It never believed that universe has a date of birth as given by the Big-Bang exponents even as they came across planets and great walls which are older than 13.7 billion years, the age they ascribe to the cosmos. According to the upanishadic thought universe was, is and will be a continuous process. What is seen is only the infinite stretch of manifestation and withdrawal taking place simultaneously and continuously. Within the seeming destruction there is creation which again holds in it the former, or they are inseparable, taking place simultaneously. The creation and destruction are thus mutually embedded in each other. What one sees is the great cosmic dance wherein creation and destruction, birth and death, pleasure and pain – all merge together into an unbearable ecstasy. This philosophy is seen at its best in the image of Nataraja, the cosmic dancer or Siva, the auspicious. Thus writes an admirer of Indian philosophy and art:
Whether he be surrounded or not by the flaming aureole of the tiruvasi (prabhamandala) – the circle of the world which he both fills and oversteps – the King of Dance is all rhythm and exaltation. The tambourine which he sounds with one of his right hands draws all creatures into this rhythmic motion and they dance in his company. The conventionalized locks of his flying hair and the blown scarfs tell of the speed of this universal movement, which crystallizes matter and reduces it to power in turn. One of his left hands holds the fire which animates and devours the world in this cosmic whirl. One of the god’s feet is crushing a Titan, for “this dance is danced upon the bodies of the dead”, yet one of the right hands is making the gesture of reassurance (abhayamudra), so true it is that, seen from the cosmic point of view and sub specie aeternitatis, the very cruelty of this universal determinism is kindly, as the generative principle of the future. And … the King of the Dance wears a broad smile. He smiles at death and at life, at pain and at joy alike … his smile is both death and life, both joy and pain. … From this lofty point of view, in fact, all things fall into their place, finding their explanation and logical compulsion. …The very multiplicity of arms, puzzling as it may seem at first sight, is subject in turn to an inward law, each pair remaining a model of elegance in itself, so that the whole being of the Nataraja thrills with a magnificent harmony in his terrible joy. And as though to stress the point that the dance of the divine actor is indeed a sport (lila) – the sport of life and death, the sport of creation and destruction, at once infinite and purposeless – the first of the left hands hangs limply from the arm in the careless gesture of the gajahasta (hands as the elephant’s trunk). And lastly as wee look at the back view of the statue, are not the steadiness of these shoulders which uphold the world, and the majesty of this Jove-like torso, as it were a symbol of stability and immutability of substance, while the gyrations of the legs in its dizzy speed would seem to symbolize the vortex of phenomena?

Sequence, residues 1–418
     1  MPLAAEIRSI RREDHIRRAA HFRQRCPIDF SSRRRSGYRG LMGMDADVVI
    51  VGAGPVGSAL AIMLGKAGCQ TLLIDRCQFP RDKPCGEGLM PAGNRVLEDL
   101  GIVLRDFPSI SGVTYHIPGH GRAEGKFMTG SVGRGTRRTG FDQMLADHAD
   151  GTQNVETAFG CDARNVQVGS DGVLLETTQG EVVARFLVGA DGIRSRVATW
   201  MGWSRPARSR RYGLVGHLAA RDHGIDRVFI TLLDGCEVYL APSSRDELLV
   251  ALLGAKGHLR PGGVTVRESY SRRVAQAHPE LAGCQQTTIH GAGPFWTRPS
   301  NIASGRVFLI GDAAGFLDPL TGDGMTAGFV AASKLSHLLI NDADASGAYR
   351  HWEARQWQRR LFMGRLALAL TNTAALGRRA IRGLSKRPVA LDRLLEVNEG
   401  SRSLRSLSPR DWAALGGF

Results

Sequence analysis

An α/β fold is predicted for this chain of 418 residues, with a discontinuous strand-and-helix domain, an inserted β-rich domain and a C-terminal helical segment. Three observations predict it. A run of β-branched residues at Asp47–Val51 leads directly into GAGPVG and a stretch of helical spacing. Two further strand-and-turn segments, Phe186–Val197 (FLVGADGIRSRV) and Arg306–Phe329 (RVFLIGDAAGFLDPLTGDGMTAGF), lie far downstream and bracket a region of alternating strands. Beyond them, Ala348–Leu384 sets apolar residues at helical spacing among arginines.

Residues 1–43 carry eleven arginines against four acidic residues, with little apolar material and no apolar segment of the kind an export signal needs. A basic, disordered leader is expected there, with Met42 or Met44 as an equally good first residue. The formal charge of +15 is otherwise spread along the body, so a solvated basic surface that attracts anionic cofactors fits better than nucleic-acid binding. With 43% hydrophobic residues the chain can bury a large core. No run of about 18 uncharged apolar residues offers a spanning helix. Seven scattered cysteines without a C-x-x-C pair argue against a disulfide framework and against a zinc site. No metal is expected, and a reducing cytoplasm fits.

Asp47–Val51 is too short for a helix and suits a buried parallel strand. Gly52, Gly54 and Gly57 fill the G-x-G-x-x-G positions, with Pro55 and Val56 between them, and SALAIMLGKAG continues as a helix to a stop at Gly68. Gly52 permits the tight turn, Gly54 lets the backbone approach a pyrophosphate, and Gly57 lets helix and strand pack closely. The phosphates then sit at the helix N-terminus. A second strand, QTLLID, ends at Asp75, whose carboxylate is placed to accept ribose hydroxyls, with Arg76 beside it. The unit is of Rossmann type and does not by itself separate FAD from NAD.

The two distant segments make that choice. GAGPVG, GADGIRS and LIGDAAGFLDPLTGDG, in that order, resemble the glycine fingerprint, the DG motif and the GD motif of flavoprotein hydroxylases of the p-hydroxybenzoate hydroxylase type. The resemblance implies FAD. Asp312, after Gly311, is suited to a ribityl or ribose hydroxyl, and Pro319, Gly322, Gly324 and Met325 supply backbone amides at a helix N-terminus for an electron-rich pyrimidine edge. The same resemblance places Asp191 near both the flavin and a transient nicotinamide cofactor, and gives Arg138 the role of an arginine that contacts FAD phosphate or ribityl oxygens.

Indian scriptures thus point to the cosmic central point, but with circumference everywhere and center nowhere. Indeed this center is an enigma and the only conclusion one can come up with is that this primordial and ultimate substance of the universe is omnipresent like a sea which is microsmically present in each of its drops. Suffice it to say, the part is the whole and the whole is in the part, or microcosm and macrocosm are one and the same. Science too, as cited above, presents a parallel and some time the same view about the macro-micro relation. Universe is thus a beginningless, unending, and continuous phenomenon with its processes of evolution and involution getting on simultaneously. It may not be fully right to opine that both science and religion speak the same, but it is also not right to hold that they differ widely. In fact there are many areas where the both come in rendezvous. Also this rendezvous is highly desirable. Discussing on the World Wars Mahayogi Sri Aurobindo cited the meeting between a matured science and immatured philosophy as one of their leading causes. If both of them were equally matured and happily blended the result would have been desirable. Science devoid of the spiritual values can turn arrogant making men blind and an unscientific religion can only breed credulity. Hence the need of a scientific religion and a spiritualised science. A harmonious blend of the both can do a good deal for the progress of civilization. And progress it would, if the both positively interact.